BRUSSELS • Europe is “shocked and appalled” by the police killing of unarmed black man George Floyd in the United States, the European Union’s diplomatic chief said yesterday, condemning an “abuse of power”.
EU High Representative Josep Borrell urged the US authorities to rein in the “excessive use of force”, and said the 27-nation bloc supports the right to peaceful protest.
“We here in Europe, like the people of the United States, we are shocked and appalled by the death of George Floyd,” he said. “I think that all societies must remain vigilant against the excessive use of force and ensure that all such incidents are addressed safely, effectively and in full respect of the law and human rights.”
United Nations rights chief Michelle Bachelet said the protests highlighted “not only police violence against people of colour, but also inequalities in health, education, employment and endemic racial discrimination”.
New Zealand Prime Minister Jacinda Ardern said yesterday she was “horrified” by Mr Floyd’s death. “I think I stand with everyone else in being horrified in what we’ve seen,” she told state broadcaster TVNZ in an interview.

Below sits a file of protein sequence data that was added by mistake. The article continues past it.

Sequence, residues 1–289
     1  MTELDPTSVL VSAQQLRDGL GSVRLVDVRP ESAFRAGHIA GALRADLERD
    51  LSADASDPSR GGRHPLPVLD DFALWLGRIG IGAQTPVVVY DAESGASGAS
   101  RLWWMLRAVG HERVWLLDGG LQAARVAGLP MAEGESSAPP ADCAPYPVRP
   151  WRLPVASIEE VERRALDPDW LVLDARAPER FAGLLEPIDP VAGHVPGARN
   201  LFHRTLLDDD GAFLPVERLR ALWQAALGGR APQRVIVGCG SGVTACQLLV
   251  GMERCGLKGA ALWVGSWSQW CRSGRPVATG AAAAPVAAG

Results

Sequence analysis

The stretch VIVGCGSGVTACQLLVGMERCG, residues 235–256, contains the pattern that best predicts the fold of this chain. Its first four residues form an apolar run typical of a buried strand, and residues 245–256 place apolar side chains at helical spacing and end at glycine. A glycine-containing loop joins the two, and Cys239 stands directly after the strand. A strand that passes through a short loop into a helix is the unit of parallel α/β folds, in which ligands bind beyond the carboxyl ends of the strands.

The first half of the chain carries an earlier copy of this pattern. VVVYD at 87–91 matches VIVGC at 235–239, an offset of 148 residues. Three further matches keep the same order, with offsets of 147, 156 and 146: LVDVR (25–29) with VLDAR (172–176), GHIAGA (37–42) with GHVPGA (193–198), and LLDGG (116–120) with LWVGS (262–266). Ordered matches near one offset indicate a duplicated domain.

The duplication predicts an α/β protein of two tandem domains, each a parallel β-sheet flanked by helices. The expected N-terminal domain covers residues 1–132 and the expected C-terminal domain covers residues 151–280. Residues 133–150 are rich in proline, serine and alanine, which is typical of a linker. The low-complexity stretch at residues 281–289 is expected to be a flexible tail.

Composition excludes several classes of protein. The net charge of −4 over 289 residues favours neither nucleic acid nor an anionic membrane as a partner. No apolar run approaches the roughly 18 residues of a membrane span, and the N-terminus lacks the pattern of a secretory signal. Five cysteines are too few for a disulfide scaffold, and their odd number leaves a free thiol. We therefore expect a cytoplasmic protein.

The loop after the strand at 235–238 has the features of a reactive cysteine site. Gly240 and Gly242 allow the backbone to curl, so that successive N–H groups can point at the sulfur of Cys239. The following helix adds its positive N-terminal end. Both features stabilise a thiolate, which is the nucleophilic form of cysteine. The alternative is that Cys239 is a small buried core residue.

Golf superstar Tiger Woods called Mr Floyd’s death a “shocking tragedy” but said violent protests were not the answer. “My heart goes out to George Floyd, his loved ones and all of us who are hurting right now,” Woods said on Twitter.”I have always had the utmost respect for our law enforcement. They train so diligently to understand how, when and where to use force. This shocking tragedy clearly crossed that line.”
Meanwhile, Facebook employees walked away from their work-from-home desks on Monday and took to Twitter to accuse chief executive Mark Zuckerberg of inadequately policing US President Donald Trump’s posts as strictly as the rival platform has done. Reuters saw dozens of online posts from staff critical of Mr Zuckerberg’s decision to leave Mr Trump’s most inflammatory verbiage unchallenged where Twitter had labelled it.
Facebook will allow staff participating in the protest to take time off without drawing down their vacation days, a spokesman said.
AGENCE FRANCE-PRESSE, REUTERS